This was the question I sought to answer in my book of the same name, with the subtitle of Countering William Lane Craig’s Kalam Cosmological Argument [UK]. I often think this is my best book. It’s tight, aimed at just the right level and audience in a successful manner (in terms of writing for an audience), has fantastic reviews to attest it, and succeeds in the intentions I had for it. I was also very happy for Jeffery Jay Lowder to provide the foreword.
Here are some of the arguments contained within:
- The Kalam Cosmological Argument: Creation and Nominalism
- The Kalam – On Time: Craig’s inconsistent appeals to science
- The Kalam – On Time: Relativity, Simplicity and Science
- The Kalam – On Time: Metaphysics and Theories of Time
- Libertarian Free Will Defeats the Kalam Cosmological Argument
Please help out by grabbing a copy.
I forgot that people review on Goodreads too, so here are some to share with you:
A solid philosophical refutation of the nonsense that is William Lane Craig’s “Kalam Cosmological Argument” (a rehash of the classic cosmological argument with extra-Craigian holes). JMS Pearce is a new author to me, and the look of the book had me worried (looks like something they’d have for sale at revival meetings). But, as I find WLC’s K.C.Argument to be worthy of a good debunking, I had to check this out. And I am happy I did. Pearce does a really good job of considering the philosophical and physics-related issues that together tear up and toss away WLC’s cheap attempt to sound like an academic philosopher. The book is intense enough that it would help if you actually had a couple of undergrad philos. classes to follow the reasoning completely. But, I think the arguments are clear enough even if you don’t. And if you do happen to be a born-againer, you should read Pearce’s discussion of the topic just to see if you have a grasp of the complexities involved in what WLC tends to present as simple, obvious, and logically convincing (mostly what WLC presents is “simple” in another sense of the word).
Did God Create the Universe from Nothing? Countering William Craig’s Kalam Cosmological Argument by Jonathan MS Pearce
“Did God Create the Universe from Nothing?” is a very good intermediate-level book that critically addresses the Kalam Cosmological Argument (KCA) to satisfaction. Jonathan M.S. Pearce provides the readers with a user’s guide on how to counter William Craig’s defense of the KCA. This useful 143-page book includes the following seven parts: 1. The Background, 2. The Argument, 3. Premise 1, 4. Premise 2, 5. The Syllogism’s Conclusion, 6. Potential Objections, and 7. Conclusion.
1. A well-written, well-researched book.
2. Pearce tackles William Lane Craig’s favorite argument for the existence of a “God”, the Kalam Cosmological Argument (KCA).
3. Great use of reason and a strong philosophical background to dismantle the KCA.
4. Provides the history behind the KCA.
5. If you are going to debunk the KCA, might as well dissect it from its most prominent defender’s point of view, William Lane Craig.
6. Goes over the three steps of the KCA in detail, the syllogism.7. Goes over key concepts that will help the reader understand the premises.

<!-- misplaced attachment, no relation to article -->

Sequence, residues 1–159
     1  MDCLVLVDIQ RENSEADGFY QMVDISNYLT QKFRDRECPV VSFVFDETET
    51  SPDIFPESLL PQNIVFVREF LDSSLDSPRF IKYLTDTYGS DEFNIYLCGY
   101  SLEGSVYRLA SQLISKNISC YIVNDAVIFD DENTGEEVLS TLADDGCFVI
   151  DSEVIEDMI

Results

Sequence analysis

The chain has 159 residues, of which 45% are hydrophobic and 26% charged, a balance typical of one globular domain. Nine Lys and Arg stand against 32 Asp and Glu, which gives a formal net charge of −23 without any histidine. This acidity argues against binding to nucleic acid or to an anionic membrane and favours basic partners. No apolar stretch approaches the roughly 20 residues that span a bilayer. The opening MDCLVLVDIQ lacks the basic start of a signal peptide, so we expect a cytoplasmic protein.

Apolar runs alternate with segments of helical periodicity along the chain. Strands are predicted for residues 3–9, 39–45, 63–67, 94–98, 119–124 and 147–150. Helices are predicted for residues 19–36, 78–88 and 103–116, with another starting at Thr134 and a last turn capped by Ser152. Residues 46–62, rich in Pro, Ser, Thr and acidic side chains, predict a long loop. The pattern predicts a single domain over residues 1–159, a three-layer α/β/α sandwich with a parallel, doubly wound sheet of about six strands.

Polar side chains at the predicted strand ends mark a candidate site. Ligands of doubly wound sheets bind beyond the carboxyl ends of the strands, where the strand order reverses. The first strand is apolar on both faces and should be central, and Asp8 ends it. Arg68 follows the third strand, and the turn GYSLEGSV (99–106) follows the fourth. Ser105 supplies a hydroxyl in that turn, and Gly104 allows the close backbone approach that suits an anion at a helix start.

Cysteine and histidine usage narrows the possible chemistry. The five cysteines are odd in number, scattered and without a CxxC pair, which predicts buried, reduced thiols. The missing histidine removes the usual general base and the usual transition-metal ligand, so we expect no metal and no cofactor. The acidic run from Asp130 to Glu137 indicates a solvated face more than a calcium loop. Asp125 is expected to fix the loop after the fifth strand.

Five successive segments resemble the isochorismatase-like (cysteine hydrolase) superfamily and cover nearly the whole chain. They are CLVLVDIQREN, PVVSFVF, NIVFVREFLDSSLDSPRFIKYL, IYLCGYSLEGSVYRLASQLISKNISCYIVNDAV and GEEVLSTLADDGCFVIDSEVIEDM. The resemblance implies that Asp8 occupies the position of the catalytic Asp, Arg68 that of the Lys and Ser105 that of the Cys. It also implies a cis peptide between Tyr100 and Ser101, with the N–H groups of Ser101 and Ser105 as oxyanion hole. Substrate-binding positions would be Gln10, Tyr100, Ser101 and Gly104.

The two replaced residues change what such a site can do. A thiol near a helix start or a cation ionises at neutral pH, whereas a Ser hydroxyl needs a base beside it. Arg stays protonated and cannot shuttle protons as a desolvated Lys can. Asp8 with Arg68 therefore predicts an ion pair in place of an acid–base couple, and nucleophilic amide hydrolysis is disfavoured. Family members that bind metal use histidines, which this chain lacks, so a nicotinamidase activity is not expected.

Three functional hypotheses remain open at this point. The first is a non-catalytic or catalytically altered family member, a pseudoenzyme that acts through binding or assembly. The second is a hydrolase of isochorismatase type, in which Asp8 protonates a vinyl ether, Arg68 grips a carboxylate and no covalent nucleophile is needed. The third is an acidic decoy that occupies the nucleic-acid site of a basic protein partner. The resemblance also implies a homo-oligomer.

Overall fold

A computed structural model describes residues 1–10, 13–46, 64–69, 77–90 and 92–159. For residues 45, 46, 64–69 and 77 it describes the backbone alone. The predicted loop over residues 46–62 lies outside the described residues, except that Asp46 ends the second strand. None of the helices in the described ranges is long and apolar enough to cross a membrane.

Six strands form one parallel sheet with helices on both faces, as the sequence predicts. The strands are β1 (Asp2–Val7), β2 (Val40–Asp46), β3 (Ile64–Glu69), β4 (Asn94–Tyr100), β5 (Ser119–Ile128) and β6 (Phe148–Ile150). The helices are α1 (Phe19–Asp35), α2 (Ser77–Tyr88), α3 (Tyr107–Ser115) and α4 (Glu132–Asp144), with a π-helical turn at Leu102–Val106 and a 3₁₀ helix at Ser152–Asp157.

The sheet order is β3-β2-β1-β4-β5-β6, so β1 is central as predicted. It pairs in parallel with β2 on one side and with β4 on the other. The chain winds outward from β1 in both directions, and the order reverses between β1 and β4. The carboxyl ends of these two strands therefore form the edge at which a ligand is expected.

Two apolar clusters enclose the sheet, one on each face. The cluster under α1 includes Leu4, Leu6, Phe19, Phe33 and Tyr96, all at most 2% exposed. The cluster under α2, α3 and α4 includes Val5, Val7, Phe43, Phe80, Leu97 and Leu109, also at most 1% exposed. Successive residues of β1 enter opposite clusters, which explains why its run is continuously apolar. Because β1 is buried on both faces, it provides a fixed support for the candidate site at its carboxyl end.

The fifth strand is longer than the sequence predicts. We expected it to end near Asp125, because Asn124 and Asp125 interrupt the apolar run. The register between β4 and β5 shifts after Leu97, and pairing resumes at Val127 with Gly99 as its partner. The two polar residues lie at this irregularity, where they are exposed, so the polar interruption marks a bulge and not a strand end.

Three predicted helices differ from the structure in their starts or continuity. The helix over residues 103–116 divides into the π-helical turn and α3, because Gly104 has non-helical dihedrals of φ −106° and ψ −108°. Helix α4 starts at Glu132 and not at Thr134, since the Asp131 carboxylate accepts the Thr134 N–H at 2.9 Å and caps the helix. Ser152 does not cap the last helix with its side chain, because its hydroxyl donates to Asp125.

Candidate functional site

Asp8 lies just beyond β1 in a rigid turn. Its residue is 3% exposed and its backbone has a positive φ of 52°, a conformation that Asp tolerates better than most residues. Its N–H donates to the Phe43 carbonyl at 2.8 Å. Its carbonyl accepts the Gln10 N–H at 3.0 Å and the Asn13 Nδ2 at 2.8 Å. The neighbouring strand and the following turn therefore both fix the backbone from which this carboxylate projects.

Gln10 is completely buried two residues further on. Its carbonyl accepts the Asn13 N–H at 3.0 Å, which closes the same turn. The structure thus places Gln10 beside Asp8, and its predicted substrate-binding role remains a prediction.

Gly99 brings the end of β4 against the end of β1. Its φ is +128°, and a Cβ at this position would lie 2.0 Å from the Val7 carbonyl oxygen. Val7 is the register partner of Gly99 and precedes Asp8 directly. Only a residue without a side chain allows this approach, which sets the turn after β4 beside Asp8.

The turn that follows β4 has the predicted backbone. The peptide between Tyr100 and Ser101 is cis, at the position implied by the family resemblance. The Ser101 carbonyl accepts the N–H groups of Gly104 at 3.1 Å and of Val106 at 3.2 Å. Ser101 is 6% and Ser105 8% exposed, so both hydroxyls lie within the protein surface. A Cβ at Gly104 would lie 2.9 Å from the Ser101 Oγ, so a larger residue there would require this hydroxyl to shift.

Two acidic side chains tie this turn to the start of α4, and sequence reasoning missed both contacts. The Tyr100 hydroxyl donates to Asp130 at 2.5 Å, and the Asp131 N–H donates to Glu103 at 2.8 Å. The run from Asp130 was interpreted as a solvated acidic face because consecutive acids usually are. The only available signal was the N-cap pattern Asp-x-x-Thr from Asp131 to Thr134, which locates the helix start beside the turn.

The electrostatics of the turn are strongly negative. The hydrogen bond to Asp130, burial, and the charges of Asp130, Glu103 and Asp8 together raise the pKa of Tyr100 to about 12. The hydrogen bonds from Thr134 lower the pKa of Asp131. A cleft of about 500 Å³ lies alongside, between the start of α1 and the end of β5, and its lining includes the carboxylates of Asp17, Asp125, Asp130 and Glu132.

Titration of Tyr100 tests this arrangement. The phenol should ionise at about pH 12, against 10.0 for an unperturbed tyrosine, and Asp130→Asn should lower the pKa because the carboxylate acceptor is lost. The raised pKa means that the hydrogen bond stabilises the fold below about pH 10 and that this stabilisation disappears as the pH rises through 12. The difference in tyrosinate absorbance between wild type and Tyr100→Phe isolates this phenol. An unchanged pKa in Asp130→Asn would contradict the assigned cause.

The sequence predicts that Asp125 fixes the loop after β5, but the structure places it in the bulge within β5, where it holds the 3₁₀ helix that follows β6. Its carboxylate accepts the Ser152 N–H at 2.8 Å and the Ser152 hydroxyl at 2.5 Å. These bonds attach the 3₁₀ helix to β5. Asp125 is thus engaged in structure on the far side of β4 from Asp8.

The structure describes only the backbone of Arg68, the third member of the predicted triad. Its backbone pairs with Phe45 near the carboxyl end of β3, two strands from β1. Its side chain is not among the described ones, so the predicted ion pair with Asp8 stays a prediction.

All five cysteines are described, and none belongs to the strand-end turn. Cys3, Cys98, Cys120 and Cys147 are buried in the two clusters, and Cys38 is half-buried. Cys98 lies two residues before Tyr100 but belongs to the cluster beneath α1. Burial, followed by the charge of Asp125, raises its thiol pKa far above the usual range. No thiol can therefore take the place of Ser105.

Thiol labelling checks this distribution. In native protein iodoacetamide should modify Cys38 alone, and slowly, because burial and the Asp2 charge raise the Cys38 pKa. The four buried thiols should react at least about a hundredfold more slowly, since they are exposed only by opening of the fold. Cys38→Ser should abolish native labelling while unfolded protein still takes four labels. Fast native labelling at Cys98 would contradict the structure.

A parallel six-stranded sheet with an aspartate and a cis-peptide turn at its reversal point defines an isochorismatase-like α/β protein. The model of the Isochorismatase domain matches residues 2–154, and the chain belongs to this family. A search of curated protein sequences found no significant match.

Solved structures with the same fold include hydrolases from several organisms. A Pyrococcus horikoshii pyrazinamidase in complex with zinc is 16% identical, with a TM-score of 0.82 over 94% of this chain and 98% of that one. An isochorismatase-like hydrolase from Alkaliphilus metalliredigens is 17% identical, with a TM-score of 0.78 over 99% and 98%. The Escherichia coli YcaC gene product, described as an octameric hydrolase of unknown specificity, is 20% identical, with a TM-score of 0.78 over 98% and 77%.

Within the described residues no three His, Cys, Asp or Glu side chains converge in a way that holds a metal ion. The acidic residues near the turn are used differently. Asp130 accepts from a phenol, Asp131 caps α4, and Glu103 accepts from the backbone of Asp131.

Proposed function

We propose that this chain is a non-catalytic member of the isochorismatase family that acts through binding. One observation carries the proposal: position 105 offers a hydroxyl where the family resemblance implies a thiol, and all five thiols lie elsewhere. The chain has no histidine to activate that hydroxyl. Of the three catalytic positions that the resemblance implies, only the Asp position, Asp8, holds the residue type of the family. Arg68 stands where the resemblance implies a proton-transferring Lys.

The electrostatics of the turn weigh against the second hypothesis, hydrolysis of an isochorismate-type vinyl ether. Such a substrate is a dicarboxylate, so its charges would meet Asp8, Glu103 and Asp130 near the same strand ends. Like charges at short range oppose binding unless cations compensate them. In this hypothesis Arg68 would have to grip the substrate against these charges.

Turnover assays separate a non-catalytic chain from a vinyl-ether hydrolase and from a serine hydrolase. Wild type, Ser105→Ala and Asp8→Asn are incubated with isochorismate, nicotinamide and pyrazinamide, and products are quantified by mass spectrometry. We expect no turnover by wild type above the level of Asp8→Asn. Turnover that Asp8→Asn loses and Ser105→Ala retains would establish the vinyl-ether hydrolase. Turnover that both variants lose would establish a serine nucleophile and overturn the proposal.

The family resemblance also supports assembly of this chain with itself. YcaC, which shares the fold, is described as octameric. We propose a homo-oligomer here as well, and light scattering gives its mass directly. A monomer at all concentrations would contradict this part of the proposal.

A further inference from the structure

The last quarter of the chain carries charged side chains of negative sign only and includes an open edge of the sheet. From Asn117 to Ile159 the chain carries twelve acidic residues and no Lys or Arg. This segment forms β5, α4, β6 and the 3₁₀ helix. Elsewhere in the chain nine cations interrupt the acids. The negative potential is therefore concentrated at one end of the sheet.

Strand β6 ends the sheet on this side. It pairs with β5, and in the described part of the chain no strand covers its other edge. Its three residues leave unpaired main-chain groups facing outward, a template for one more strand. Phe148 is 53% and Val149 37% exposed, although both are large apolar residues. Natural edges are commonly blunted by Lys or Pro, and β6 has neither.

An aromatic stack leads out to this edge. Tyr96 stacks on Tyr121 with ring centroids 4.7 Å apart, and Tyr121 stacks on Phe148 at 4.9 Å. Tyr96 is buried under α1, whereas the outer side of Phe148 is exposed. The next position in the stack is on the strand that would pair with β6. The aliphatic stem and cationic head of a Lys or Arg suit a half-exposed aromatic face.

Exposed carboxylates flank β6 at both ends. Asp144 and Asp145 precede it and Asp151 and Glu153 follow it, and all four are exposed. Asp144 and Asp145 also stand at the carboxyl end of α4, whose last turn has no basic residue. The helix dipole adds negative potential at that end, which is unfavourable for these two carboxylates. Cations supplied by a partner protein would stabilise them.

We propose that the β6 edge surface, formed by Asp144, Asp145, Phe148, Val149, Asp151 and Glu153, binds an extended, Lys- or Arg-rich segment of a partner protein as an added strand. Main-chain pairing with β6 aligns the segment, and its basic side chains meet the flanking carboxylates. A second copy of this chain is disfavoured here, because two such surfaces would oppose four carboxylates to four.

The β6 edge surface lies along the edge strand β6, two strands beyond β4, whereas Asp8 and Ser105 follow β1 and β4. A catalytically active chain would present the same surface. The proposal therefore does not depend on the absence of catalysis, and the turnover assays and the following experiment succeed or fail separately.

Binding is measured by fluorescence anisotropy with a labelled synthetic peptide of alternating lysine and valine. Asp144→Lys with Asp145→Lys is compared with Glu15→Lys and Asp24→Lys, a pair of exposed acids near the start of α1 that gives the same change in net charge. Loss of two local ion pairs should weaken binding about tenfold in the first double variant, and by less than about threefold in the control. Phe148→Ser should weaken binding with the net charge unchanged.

8. Goes over the many problems of the KCA. “We have no experience of the origin of worlds to tell us that worlds don’t come into existence like that.” “Craig is relying on mere human intuition, and this argument is at best, then, an intuitive argument (albeit one that he uses observation to support).”
9. A look at causality. “So the causality of things happening now is that initial singularity or creation event. As I will show later, nothing has begun to exist, and no cause has begun to exist, other than that first cause—the Big Bang singularity.”
10. The circularity of the first argument. “Firstly, the only thing, it can be argued, that “has begun to exist” is the universe itself (i.e. all the matter and energy that constitute the universe and everything in it). Thus the first premise and the conclusion are synonymous—the argument is entirely circular.” “Nothing comes into existence but is transformed from already existing matter or energy.”
11. The fallacy of equivocation. “This amounts, then, to a fallacy of equivocation whereby the author is using two distinct meanings of the same term in a syllogism. This makes the argument logically invalid or fallacious.”12. Explains why the KCA and libertarian free will are incompatible.
13. A look at Hilbert’s Hotel and why its use is flawed as it relates to the KCA. “The story of Hilbert’s Hotel simply highlights another such property that distinguishes actual infinite collections from finite ones: just knowing that an infinite subcollection has been removed from an infinite collection of objects does not allow one to determine how many objects remain. But this property itself does not entail that actual infinite collections are impossible.”
14. Profound statements. “Therefore, if creation out of nothing (ex nihilo) is beyond human understanding, then the hypothesis that it occurred cannot explain anything.”
15. A list of scientific theories that the second premise must debunk in order to be upheld. “That an oscillating universe is impossible.” “However, it is worth noting that Sean Carroll, in his aforementioned debate with Craig, stated that there were over a dozen plausible models for the universe, and this included some eternal ones!”